If anyone has a minute you can critique the code I wrote as per your previous suggestions....

    Java Code:
    import javax.swing.*;
    import java.awt.event.*;
    import java.awt.*;
    import java.awt.geom.*;
    import java.util.*;
    
    public class ColourGrid extends JPanel
    {
    
    final int ROWS = 10;
    final int COLUMNS = 10;
    final int Cell = 20;
    Random generator = new Random();
    private Color[][] colorArray = new Color[10][10];
    
    public ColourGrid()
    {
        
        this.setPreferredSize(new Dimension(200,200));
        this.addMouseListener(new MyMouseListener());
        for(int i = 0; i < ROWS; i++) {
            for(int j = 0; j < COLUMNS; j++) {
            colorArray[i][j] = new Color(generator.nextInt(255), generator.nextInt(255), generator.nextInt(255));
            
        }}
            }
        
    
       public void paintComponent(Graphics g) {
    
        Graphics2D g2 = (Graphics2D)g;
    
        for(int i = 0; i < ROWS; i++) {
            for(int j = 0; j < COLUMNS; j++) {
            g2.setColor(colorArray[i][j]);
            g2.fill(new Rectangle2D.Double(i * Cell, j * Cell, Cell, Cell));
            
            }
        }
    }
    
    class MyMouseListener implements MouseListener
    {
    public void mousePressed(MouseEvent event)
    {
    int x = event.getX();
    x = x / Cell;
    int y = event.getY(); 
    y = y / Cell;
    colorArray[x][y] = new Color(generator.nextInt(255), generator.nextInt(255), generator.nextInt(255));
    repaint();
    
    }
    public void mouseReleased(MouseEvent event) {}
    public void mouseClicked(MouseEvent event) {}
    public void mouseEntered(MouseEvent event) {}
    public void mouseExited(MouseEvent event) {}
    }
    
        public static void Main(String[] args)
        {
            JFrame frame = new JFrame();
            frame.setDefaultCloseOperation(JFrame.EXIT_ON_CLOSE);
            frame.setLayout(new FlowLayout());
            frame.add(new ColourGrid());
            frame.pack();
            frame.setVisible(true);
        }
    }

  5. #5
    pbrockway2 is offline Moderator
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    Default Re: MouseeListener accessing paintcomponent help please

    It compiles and runs OK - once you change Main() to main().

    Initial Threads (The Java™ Tutorials > Creating a GUI With JFC/Swing > Concurrency in Swing) recommends that you create and show the GUI on the event dispatch thread. So the end of the code would look like:

    Java Code:
    private static void createAndShowGUI() {
        JFrame frame = new JFrame();
        frame.setDefaultCloseOperation(JFrame.EXIT_ON_CLOSE);
        frame.setLayout(new FlowLayout());
        frame.add(new ColourGrid());
        frame.pack();
        frame.setVisible(true);
    }
    
    public static void main(String[] args) {
        SwingUtilities.invokeLater(new Runnable() {
            public void run() {
                createAndShowGUI();
            }
        });
    }
    As - or if - you add greater complexity to the grid elements, the case for making a separate class for them as Fubarable suggests becomes greater and greater. As a general rule people try to have their classes model a specific type of thing.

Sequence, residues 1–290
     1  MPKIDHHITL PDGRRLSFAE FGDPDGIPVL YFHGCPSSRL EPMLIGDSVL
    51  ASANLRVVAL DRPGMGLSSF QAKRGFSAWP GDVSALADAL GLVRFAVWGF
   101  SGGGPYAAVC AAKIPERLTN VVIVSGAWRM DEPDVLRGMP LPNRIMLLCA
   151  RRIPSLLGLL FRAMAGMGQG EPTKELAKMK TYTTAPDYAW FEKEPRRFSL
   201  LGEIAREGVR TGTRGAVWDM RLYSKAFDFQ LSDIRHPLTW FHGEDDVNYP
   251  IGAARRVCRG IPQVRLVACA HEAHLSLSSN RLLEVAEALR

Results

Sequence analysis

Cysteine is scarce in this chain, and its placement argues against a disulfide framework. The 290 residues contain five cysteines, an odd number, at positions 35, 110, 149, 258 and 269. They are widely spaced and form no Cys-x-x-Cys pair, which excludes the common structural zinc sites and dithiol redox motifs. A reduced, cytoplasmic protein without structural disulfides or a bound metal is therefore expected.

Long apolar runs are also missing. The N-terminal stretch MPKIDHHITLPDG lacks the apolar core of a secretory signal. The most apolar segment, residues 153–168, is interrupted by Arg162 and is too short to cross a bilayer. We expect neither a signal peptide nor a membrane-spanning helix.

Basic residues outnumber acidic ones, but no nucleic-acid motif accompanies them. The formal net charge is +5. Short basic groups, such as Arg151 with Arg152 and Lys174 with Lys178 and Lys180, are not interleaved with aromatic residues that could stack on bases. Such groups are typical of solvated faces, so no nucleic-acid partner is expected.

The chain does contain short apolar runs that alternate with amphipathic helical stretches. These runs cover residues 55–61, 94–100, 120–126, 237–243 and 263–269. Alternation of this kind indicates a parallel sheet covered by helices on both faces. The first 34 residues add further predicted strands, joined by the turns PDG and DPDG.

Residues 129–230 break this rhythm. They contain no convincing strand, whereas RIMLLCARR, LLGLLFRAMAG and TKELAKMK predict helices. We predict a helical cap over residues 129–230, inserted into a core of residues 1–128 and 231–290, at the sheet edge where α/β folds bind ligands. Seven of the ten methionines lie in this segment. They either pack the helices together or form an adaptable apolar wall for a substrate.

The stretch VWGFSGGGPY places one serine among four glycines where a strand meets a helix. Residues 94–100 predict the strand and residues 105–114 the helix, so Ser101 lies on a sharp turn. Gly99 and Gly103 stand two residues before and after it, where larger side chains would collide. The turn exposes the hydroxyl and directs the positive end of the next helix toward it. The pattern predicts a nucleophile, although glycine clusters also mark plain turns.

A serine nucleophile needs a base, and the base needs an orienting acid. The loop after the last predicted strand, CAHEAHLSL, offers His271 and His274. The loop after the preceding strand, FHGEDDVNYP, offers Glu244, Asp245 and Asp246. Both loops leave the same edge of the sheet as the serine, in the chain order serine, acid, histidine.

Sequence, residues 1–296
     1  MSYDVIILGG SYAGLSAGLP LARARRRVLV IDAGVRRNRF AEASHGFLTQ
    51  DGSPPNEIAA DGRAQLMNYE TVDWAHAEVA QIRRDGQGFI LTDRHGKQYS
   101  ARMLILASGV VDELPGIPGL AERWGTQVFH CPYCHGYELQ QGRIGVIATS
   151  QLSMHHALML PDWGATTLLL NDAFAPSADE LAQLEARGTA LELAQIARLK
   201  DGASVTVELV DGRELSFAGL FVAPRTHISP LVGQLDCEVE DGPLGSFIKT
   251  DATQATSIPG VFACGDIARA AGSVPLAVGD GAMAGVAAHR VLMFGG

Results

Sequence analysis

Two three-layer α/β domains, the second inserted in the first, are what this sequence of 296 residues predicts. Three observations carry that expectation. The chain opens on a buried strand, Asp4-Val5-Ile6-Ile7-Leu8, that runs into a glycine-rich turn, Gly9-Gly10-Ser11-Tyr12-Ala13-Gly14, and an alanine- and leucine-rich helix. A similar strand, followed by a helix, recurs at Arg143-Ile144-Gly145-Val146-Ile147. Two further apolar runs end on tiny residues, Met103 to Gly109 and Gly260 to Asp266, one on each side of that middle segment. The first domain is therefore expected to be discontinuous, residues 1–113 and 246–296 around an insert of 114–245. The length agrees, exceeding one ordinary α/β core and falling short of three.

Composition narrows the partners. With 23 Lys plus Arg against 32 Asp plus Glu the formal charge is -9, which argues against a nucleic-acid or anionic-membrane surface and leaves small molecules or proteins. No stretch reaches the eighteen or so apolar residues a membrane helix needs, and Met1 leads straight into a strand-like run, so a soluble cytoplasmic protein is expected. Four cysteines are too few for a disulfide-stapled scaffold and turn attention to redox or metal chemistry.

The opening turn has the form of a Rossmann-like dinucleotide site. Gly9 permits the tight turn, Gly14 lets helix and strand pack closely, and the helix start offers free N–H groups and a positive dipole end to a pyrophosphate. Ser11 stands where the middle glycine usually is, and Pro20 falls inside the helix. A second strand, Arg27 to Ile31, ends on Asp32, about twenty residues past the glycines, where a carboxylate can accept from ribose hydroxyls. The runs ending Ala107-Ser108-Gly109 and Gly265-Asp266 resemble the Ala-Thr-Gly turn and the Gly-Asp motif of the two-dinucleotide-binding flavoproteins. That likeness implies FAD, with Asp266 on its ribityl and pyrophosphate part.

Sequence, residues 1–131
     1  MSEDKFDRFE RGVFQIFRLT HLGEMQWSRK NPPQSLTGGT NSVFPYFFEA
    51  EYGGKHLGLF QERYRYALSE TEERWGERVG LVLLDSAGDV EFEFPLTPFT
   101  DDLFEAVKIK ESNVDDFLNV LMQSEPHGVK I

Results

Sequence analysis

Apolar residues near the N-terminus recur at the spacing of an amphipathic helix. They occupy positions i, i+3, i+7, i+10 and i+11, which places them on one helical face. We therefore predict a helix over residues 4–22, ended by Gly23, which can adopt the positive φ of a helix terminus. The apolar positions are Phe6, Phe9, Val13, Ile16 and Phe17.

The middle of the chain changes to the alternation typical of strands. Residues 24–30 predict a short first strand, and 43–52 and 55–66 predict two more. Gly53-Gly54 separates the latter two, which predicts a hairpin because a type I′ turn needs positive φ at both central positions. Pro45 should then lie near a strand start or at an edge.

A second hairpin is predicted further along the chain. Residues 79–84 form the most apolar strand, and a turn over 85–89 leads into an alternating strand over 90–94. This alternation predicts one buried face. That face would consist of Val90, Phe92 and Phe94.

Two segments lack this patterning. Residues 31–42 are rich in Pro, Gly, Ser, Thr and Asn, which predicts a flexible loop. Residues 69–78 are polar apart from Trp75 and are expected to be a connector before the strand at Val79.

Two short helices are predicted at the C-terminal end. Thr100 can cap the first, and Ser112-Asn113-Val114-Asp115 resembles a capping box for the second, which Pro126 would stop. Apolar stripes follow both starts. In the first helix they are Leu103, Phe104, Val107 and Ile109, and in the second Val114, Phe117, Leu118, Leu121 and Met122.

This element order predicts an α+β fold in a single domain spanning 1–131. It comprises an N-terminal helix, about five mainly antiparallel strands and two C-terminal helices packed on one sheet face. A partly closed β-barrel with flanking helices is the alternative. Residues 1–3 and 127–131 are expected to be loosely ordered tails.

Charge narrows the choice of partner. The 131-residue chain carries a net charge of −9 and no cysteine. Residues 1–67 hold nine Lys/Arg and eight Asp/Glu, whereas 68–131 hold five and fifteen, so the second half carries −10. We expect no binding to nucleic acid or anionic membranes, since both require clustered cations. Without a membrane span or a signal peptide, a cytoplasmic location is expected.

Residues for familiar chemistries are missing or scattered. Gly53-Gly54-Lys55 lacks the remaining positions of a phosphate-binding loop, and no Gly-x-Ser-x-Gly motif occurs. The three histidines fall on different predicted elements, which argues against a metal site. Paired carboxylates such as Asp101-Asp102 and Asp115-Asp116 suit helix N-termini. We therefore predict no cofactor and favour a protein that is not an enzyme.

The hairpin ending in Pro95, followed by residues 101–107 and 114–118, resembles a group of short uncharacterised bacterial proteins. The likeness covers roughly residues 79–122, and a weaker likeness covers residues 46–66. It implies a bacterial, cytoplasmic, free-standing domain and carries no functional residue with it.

6. #6
    Danieldcc is offline Member
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    Default Re: MouseeListener accessing paintcomponent help please

    tks.....ok. so i started to writed my minesweeper game and as usual running into problems.....

    Java Code:
    public MineSweeperGUI()
        {
         this.setLayout(new GridLayout(10,10));   
         for(int i = 0; i < ROWS; i++) {
            for(int j = 0; j < COLUMNS; j++) {
                cell = new JPanel();
                cell.setPreferredSize(new Dimension(40,40));
                cell.setBorder(BorderFactory.createLineBorder(Color.RED));
                cover = new JButton();
                cover.setPreferredSize(new Dimension(40,40));
                cell.add(cover);
                this.add(cell);        
        }}}
    When I ran the above code, it doesn't seem like the buttons fully cover the individual JPanels. Why? They're same size. Also, how do I avoid writing the setPreferredSize method for the JButton? Can't I just make it so it covers the whole JPanel box without having to determine the size for it?

  7. #7
    pbrockway2 is offline Moderator
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    Default Re: MouseeListener accessing paintcomponent help please

    If you give cell a BorderLayout then add the button it will be sized to fit the panel. Further more cell itself need not have a preferred size set on it because the GridLayout will divide the size available (whatever it is) into 100 equal subdivisions.

  8. #8
    Danieldcc is offline Member
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    Default Re: MouseeListener accessing paintcomponent help please

    cool...that worked...tks

    Java Code:
    public MineSweeperGUI()
        {
         this.setLayout(new GridLayout(10,10));
         this.setPreferredSize(new Dimension(400, 400));
         for(int i = 0; i < ROWS; i++) {
            for(int j = 0; j < COLUMNS; j++) {
                cell = new JPanel();
                cell.setLayout(new BorderLayout());
                cell.setBorder(BorderFactory.createLineBorder(Color.RED));
                cover = new JButton();
                cell.add(cover);
                this.add(cell);        
            }}
        }

  9. #9
    pbrockway2 is offline Moderator
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    Default Re: MouseeListener accessing paintcomponent help please

    Great. It's a common error to begin with to want to set the size of everything in sight. But the best solution usually involves judicious use layout managers.